But there is more. Cultures change as people mingle and meet at the fringes of their own cultural basin. The majority of this change comes as an unwitting consequence of this meeting, a side-effect of cross-cultural encounter. It is not sought after, by any of the parties involved. This is where Christian missions depart from the script. At its most basic, the Christian missionary effort is about changing the deepest convictions that a people (and persons) hold about themselves, life, ultimate meaning, the universe. Christian mission aims to bring individuals and the societies of which they are a part to a new understanding, an acceptance of the nature of God, the problem of humanity, the solution Jesus offers, and the consequences of all these, as laid out in the Bible. Many of these beliefs are quite simply in radical opposition to the core values held by members of another culture. Missions seek nothing less than the overthrow of these beliefs to accommodate a new set of values and convictions rooted in the revelation of God in Scripture. This is hardly the casual transformation of cultures through the intermingling of societies, it is the planned subversion of existing beliefs in the name of a universal faith.

tribeG1708_468x3612-300x231Now, none of this is aimed at the outer trappings of culture, which is what is usually in view when talking about the “destruction” of culture. No, Christianity aims somewhere much deeper. These deep-seated beliefs, however, and core world-view, must find expression in the surface practices of culture – and not just religious ritual or the re-enactment of primal myth. Social networks, business practices, education, family structure, attitudes towards outsiders, ways of addressing cultural deviance… the list could go on. All that we do is informed by world-view and deeply held convictions, values and beliefs. It is simply impossible for Christianity in its missionary expression to engage with a culture that currently does not hold to the Christian faith without seeking a deep and powerful transformation. Call it destruction if you will. But to aim at anything less is not, in essence, Christian mission at all.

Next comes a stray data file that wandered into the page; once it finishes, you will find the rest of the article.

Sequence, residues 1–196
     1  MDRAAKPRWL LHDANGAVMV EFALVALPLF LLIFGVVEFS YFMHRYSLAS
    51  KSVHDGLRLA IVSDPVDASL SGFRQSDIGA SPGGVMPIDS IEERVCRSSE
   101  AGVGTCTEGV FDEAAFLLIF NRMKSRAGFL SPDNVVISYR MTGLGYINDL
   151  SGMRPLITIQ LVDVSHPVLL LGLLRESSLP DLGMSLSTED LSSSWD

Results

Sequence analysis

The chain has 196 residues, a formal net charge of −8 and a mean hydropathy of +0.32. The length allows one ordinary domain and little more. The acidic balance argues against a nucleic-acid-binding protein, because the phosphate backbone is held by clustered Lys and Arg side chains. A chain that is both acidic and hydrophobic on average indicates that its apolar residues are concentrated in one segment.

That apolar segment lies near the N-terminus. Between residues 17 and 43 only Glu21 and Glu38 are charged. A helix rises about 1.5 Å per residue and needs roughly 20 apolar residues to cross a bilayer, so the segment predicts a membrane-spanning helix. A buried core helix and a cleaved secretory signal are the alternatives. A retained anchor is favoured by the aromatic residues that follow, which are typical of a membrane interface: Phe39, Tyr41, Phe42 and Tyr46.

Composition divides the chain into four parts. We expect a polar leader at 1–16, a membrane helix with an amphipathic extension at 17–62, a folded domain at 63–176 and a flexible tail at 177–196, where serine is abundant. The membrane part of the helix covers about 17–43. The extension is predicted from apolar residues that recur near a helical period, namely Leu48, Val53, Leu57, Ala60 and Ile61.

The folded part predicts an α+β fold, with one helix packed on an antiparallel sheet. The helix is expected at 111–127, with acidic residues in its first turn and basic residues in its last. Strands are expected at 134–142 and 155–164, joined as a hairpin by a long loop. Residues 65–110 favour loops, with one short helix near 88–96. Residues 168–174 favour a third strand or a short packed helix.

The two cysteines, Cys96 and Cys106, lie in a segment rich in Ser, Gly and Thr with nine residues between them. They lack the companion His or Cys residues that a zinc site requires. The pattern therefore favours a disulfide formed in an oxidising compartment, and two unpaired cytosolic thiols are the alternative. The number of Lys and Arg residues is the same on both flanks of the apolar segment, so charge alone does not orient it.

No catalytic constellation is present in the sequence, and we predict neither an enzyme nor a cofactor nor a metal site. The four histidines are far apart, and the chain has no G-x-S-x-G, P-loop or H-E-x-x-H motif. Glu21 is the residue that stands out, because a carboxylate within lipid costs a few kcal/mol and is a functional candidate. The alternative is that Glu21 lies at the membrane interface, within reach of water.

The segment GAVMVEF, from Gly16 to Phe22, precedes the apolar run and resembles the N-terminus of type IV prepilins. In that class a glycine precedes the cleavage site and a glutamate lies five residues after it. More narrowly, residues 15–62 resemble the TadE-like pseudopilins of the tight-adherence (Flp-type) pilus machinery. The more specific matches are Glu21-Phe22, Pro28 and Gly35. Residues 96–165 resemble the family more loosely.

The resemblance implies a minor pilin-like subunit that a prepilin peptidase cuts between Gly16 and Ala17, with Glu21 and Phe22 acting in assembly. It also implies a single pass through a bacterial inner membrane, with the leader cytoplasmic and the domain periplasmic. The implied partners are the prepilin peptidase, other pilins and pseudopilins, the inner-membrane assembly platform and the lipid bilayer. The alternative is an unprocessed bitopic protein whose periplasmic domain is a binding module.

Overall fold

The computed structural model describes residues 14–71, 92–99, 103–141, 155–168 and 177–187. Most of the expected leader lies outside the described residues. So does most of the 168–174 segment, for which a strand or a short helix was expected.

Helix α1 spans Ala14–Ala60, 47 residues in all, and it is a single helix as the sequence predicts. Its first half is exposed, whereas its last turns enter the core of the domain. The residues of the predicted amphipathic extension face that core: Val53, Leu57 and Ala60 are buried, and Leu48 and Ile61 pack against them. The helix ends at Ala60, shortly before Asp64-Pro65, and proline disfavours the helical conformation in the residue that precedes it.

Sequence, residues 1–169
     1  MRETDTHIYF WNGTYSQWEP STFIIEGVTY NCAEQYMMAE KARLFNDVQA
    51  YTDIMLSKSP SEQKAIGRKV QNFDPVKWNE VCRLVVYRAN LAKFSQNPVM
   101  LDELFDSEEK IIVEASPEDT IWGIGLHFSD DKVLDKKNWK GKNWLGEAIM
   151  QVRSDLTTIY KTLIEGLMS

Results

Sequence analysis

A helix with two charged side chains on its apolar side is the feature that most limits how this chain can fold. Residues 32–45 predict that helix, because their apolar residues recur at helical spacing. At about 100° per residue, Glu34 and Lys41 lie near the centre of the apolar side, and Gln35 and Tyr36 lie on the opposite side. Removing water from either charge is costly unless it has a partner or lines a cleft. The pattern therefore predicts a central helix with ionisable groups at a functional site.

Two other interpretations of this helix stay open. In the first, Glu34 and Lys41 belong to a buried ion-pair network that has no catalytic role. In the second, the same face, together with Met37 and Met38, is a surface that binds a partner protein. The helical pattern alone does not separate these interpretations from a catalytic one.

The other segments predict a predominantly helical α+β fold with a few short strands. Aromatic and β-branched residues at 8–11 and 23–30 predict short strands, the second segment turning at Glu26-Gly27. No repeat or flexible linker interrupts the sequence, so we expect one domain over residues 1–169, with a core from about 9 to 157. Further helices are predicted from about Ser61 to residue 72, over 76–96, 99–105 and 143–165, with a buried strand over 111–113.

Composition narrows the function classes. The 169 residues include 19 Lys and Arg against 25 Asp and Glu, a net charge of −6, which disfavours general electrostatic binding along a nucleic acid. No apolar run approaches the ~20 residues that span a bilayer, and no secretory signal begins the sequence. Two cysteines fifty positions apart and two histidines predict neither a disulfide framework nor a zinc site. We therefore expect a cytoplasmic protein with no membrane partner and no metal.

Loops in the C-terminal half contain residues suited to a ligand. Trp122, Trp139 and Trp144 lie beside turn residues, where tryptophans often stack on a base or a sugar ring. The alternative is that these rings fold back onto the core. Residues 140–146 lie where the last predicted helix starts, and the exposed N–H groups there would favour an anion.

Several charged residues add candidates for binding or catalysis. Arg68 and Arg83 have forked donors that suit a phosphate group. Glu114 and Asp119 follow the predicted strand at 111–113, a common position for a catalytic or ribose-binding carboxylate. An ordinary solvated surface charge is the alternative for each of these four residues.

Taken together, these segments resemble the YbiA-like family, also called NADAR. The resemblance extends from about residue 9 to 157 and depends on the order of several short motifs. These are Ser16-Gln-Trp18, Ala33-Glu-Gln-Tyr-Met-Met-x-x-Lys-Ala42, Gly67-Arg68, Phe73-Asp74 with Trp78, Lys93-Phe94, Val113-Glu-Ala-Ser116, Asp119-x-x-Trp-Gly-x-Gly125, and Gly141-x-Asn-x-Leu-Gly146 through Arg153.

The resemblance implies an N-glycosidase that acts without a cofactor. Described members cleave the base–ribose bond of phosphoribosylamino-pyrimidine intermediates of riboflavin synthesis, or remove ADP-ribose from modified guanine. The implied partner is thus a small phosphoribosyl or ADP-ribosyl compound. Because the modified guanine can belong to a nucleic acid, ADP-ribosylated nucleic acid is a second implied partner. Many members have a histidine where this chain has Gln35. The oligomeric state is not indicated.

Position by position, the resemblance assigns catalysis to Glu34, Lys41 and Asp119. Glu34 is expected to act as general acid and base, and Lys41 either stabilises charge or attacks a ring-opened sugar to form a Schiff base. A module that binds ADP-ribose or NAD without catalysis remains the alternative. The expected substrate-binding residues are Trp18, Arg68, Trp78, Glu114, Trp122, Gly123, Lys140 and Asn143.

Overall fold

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This post was written after reading the article “Do Missionaries Destroy Others’ Cultures“. The same theme, though from a slightly different perspective, can be found in this Relevant magazine article.

BFF of sinners

6 Jun

More acronyms. BFF or FBF? Best Friend Forever or Facebook Friend? Which does your social sphere most resemble? (I realise that there are more social networking sites than Facebook, some more popular depending on location; I use Facebook as a discussion starter simply because it is the largest and most influential global site, not out of any sense of personal devotion…)

Social networking is changing both the way we relate and what language itself means. (Nothing wrong with that, by the way; this is a simple observation, not a bring-back-the-good-old-days moan. Culture, of which language is an integral part, is dynamic and in a constant state of flux, there are just times when we notice it more.) Let’s start with language.

Beyond the growing influence of txt-speak with new terms such as lol finding their way into everyday vocabulary, existing words are being reshaped. For example, a normal conversation will involve chatting, talking and listening. But not in the world of cyber-relationships. Are you a good listener? “Listening” normally involves paying attention to the content of what another wants to transmit. But in the blogosphere listening is simply skimming what is “out there” to discover “trending topics” or where our own name gets a mention. More a case of keeping a virtual ear to the ground than taking anything in. And “chat” no longer implies talk. When someone wants to “chat”, further definition is now required to know if they in fact are looking to “voice-chat” (how strange is that?) or rather write/type – probably on a smartphone if connecting with a member of the emerging “thumbtribe”, the English term commonly used to express the original Japanese oyayubizoku.

What about “follow”? Once a relatively sombre term, in certain situations even with overtones of stalking, “follow” is a term still in evolution. Jesus’ “Follow me” certainly has a different meaning in a world of tweets than in 1st century Palestine. To have a couple of thousand Twitter followers is no huge achievement; to have followers who embrace your ideals and values is a completely different story.

And then there is “relationship”. What exactly is a “relationship” these days? Sometimes it is clearly an exclusive (normally sexual) bond, as in “I’m in a relationship with so-and-so”, but more often than not it is predicated on the ties created on social networks, thus being as thick or as thin as these. A relationship becomes whatever the participants want it to be.

“Like”, is an interesting one too, seeming to resemble the “amens” in some churches, which mean anything from “Yes, preach it!” to “We can hear you at the back”. In other words it is a generic response that somehow lets the other person know that you are there and are paying at least minimal attention. A Facebook “like” does something to cement “relationship”, particularly if someone has suggested that you “like” a page they have created; it does not necessarily imply agreement with the content, or even in fact “liking” it at all.